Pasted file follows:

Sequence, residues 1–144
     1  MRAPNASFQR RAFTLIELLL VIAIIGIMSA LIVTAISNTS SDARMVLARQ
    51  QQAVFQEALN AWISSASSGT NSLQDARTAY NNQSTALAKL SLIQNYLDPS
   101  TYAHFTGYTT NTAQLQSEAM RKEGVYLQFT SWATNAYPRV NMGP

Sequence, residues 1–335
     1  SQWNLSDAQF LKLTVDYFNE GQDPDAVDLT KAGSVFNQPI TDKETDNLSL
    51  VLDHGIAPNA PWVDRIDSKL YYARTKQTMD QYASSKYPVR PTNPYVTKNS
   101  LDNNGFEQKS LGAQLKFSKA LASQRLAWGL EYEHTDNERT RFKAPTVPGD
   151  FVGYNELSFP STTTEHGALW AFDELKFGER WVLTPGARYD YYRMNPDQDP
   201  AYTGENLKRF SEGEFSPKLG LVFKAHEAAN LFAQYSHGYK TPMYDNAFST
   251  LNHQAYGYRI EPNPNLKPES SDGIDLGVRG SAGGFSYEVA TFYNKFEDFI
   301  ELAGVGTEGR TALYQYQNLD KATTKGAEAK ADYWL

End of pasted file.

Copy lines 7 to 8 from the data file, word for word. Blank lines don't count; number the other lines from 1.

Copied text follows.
    51  VLDHGIAPNA PWVDRIDSKL YYARTKQTMD QYASSKYPVR PTNPYVTKNS
   101  LDNNGFEQKS LGAQLKFSKA LASQRLAWGL EYEHTDNERT RFKAPTVPGD